tv review

At Home With Amy Sedaris Is a Bizarre Comfort

Photo: Phillip V Caruso/Turner

At Home With Amy Sedaris does not offer any useful cooking tips. It will not make you better at crafting or decorating or any of the things traditionally associated with maintaining a lovely home. But this show, whose second season debuted this week on TruTV, is not here to inspire you or guide you through the process of KonMari-ing your sock drawer. It’s here to let Amy Sedaris be weird, and Amy Sedaris, bless her, never runs out of weird.

Sedaris’s sketch-comedy series, which consists of segments like “Crafting Corner” and recurring visits from Amy’s friend Tony the Knife Man, played by David Pasquesi, isn’t a send-up of cooking and makeover shows so much as a bizarro version of them. “I always run all my business decisions by my knives,” Tony explains to a confused teenager in the season premiere while Amy nods her approval. “They let me know who to trust, who to haggle with, and who to stab.” This is typical of the kind of advice one gets from Sedaris, her regulars, and the many high-profile actors who swing by in each episode to embody the cuckoo guests on Amy’s show within the show. (This season, those actors include Rose Byrne, Matthew Broderick, Justin Theroux, Campbell Scott, and Ellie Kemper, among others.)

But the best thing about At Home With Amy Sedaris is that it’s a vehicle largely driven by its star. Co-created by Sedaris and Paul Dinello, who also worked together on Sedaris’s beloved Strangers With Candy, At Home gives the actress the opportunity to assume multiple personalities, including Pattie Hogg, Amy’s nosy neighbor with the hairdo that’s been Aquanetted into outer space; Ronnie Vino, the “regional-wine lady” who does not seem to know much about wine but has a very catchy signature song; and Amy, the hostess who can’t get through one sunny, DIY vignette without something going awry. Sedaris attacks every alter ego with the vanity-free, game-for-anything spirit of Carol Burnett, and facial expressions as malleable as silly putty. Actually, sometimes her facial expressions are literally silly putty; in season two’s fourth episode, “Makeover,” the prosthetic cheekbones on her shockingly contoured, made-over face eventually slide all the way down to her chin. And yet, given Sedaris’s own love of baking and craftiness and the fact that At Home is set in the Raleigh, North Carolina, area where she grew up, there’s an underlying sense that this show is a cockeyed reflection of who Sedaris really is.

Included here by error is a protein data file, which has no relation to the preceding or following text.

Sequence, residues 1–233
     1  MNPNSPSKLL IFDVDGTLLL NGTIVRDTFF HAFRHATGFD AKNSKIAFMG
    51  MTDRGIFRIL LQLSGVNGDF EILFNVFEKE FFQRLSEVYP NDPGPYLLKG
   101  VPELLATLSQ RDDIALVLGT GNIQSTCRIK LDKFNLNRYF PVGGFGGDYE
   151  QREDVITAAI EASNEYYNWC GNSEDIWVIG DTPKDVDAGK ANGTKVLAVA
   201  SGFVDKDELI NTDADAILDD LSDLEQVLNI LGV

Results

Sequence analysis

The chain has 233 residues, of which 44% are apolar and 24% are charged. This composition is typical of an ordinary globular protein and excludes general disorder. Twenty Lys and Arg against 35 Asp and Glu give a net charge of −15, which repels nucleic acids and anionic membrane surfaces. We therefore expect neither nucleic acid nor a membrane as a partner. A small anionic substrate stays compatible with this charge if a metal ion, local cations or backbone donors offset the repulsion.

The HGTV programs and Today show segments that earnestly share decorating tips and kitchen life hacks can often seem just plain silly, and At Home With Amy Sedaris captures that beautifully. One example: a segment in which Denny Sharks (James Urbaniak of Review and Difficult People) stops by to show off his collection of hats made specially for certain types of fruit. “Oh, a raspberry beret!” Amy says gleefully as she looks at a tiny chapeau perched atop a purple berry. “That’s a tam o’shanter,” Denny replies, completely unamused.

The other thing that makeover, décor, and cooking shows often do is make everything on the show seem achievable, which is supposed to leave viewers feeling energized and happy. But underneath that feeling lies a subtle sense of pressure, especially on women, to replicate what they’ve just watched onscreen. If you can’t or aren’t willing to do what the lady from Real Simple magazine just told Savannah Guthrie is real simple to do, there must be [extreme demonic voice] something wrong with you.

While At Home With Amy Sedaris isn’t an explicit spoof, it obviously understands the tension I just described. Which is why when Amy decides to bake a nice pie with a fan who won a contest (Byrne), the fan (a) makes a much better-looking lattice crust than Amy does and (b) also turns out to be a psycho. And it’s why Amy’s attempt to make a hat out of household items winds up getting her trapped in a freezer. (We’ve all been there, am I right?) And it’s also why, when Amy attempts to declutter a closet, she finds the ghost of a sea captain who looks like Justin Theroux living in there. You don’t see that kinda shit on Tidying Up With Marie Kondo. But if you did, you would not get rid of the sea captain who looks like Justin Theroux, because he definitely sparks joy.

The absurdity of this series underlines the absurdity in striving for domestic perfection. Which, in its way, is as comforting as the messages conveyed on any other home-makeover or baking show. But above all else, the main selling point of At Home With Amy Sedaris is that it’s just plain strange as hell. Strangeness sparks its own kind of joy.

At Home With Amy Sedaris Is a Bizarre Comfort